Yesterday, the Association of National Advertisers published a new whitepaper on the topic of the U.S. Federal Bureau of Investigation's probe into agency media-buying practices.
The document touches on many of the issues my colleague E.J. Schultz reported on when the ANA's top lawyer Doug Wood discussed the topic during the organization's Masters of Marketing Conference in Orlando earlier this month. "It may turn out to be nothing is wrong," Wood said then, but "it could turn out quite the opposite…we'll know that in the next six months to a year."
The FBI investigation concerns allegations that agencies engaged in non-transparent practices, including collecting cash rebates from media vendors and not passing them along to clients. The probe was sparked in part by a 2016 ANA report conducted by independent firm K2 Intelligence. Earlier this month, the ANA revealed that the FBI had recently contacted Reed Smith about the investigation in attempt to get cooperation from ANA members. The ANA is leaving the decision of whether to cooperate up to individual advertisers, but suggests they do not talk to the FBI without a lawyer.
"If evidence is uncovered proving that the transparency issues outlined in the K2 Intelligence report are fraudulent, criminal charges can be brought against the media buying agencies and those executives and employees who were involved," the whitepaper says.
The paper suggests, as an example, if advertisers are being overcharged or not being given even five percent of what they're entitled, the annual cost to advertisers could be "staggering." It says the primary statutory offenses likely at issue in the FBI investigation are mail and wire fraud. Also discussed in the whitepaper are fraudulent intent (examples including deceptive conduct or deviation from known standards of conduct), conspiracy (the conspiracy statute requires two or more people to agree to do something unlawful, plus taking one or more overt acts to further the scheme) and racketeering.
The FBI told Reed Smith that "merely raising a hand saying you have been defrauded will not benefit its efforts," according to the new whitepaper. It says meaningful cooperation means doing an internal investigation and, if fraud exists with evidence, to let the FBI know.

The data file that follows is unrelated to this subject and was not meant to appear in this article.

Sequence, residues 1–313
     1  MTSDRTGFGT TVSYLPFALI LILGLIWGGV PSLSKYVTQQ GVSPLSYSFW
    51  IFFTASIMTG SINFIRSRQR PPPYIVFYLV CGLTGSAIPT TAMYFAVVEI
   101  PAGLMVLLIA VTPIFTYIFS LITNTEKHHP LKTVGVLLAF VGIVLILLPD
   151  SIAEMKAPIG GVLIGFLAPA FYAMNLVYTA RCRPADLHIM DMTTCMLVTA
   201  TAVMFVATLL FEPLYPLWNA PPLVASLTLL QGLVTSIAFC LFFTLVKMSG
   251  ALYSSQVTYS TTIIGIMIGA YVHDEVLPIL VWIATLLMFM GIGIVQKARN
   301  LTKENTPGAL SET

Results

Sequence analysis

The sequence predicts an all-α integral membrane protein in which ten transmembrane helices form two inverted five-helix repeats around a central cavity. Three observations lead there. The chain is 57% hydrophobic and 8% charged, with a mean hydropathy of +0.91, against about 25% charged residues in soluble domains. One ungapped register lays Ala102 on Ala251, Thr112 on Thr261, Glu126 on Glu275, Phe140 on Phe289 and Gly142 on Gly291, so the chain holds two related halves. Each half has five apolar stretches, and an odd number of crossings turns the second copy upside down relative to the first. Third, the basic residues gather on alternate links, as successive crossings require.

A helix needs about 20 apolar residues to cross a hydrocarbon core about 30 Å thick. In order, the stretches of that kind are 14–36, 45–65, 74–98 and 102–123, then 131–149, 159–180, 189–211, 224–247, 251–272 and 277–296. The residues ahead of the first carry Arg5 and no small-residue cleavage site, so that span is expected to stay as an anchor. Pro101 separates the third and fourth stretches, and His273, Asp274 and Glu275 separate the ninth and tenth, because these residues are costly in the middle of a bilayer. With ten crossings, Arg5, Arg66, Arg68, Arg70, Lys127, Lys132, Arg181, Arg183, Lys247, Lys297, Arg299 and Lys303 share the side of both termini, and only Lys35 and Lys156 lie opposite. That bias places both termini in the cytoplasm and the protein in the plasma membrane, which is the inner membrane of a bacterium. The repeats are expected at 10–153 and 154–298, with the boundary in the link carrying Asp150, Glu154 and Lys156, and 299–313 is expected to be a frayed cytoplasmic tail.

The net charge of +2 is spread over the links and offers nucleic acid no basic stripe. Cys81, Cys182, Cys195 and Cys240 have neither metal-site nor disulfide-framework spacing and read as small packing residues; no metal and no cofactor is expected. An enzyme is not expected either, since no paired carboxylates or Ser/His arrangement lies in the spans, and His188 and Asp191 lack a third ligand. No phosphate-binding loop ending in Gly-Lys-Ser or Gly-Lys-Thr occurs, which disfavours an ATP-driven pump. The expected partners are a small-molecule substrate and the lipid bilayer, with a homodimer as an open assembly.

So, the question for advertisers is this: Cooperate or not? According to the ANA's whitepaper, some ANA members have expressed concern that cooperation will result in being "blackballed" if their cooperation becomes known. The paper says the FBI is sensitive to protecting the advertising community consistent with its legal and investigative obligations.
The potential benefits of cooperating are both monetary and otherwise, the whitepaper says. "If criminal cases are brought, the likely result will be far more transparency going forward and industry-wide reform," it says, but financial benefits may also occur since victims of crimes are entitled to restitution.
"Even if the Department of Justice decides not to indict any agency, intermediate steps may be taken that will benefit the advertising industry," the paper says. "These can include deferred prosecution agreements and non-prosecution agreements where restitution is still mandated. Lastly, unless advertisers engage in an internal investigation, they may never learn whether they have been defrauded. If they have been, apart from any potential financial benefits of pursuing claims or restitution, an increased knowledge of what occurred will improve the advertiser's negotiation powers going forward."
The 4A's, in a statement issued by a spokeswoman, said it has nothing further to add. "As a practice, we don't comment on ongoing investigations," it said.
If you see something, say something
One more thing before we move on to this week's agency news: It feels like a good time to remind you that there are many ways you can get in touch if there's something you think I should know — I don't mean press releases, but tips or things you want me to dig into. You can always email me at [email protected]. If you're concerned with anonymity, I have an encrypted email at [email protected] or you can send me an encrypted message on Wire at @megancgraham. I'm here and I want to listen.
Jonathan Mildenhall has a new thing going: The former Airbnb CMO has launched TwentyFirstCenturyBrand, his branding and marketing consultancy, my colleague I-Hsien Sherwood reported this week. He is joined by co-founders Alexandra Dimiziani and Neil Barrie. Previously, Dimiziani was Airbnb's global marketing director and Barrie was chief strategy officer at TBWA\Chiat\Day. The company offers five verticals: Company mission and values; brand blueprint; go-to-market planning; marketing org design; and outsourcing agency management. It is currently working with Arianna Huffington's Thrive Global, Sean Parker's Airtime, Pinterest, GoDaddy and WeWork.
Christmas comes early for this agency
The Richards Group has won the Hobby Lobby account following a review. Earlier this month, the brand began running its holiday campaign, "Christmas Is What You Make It," which will run through Dec. 25. Check out a long-form version of the video, which depicts a young girl (who has some serious sweater style) crafting a quilt for her rural family's recently shorn sheep, below.
One sick campaign
Goodby Silverstein & Partners has created its first campaign for San Francisco-based independent primary-care organization One Medical. The campaign, called "Sick Cities," includes 130 different ads for places where getting sick or injured is easy, like Times Square or the Sunset Strip.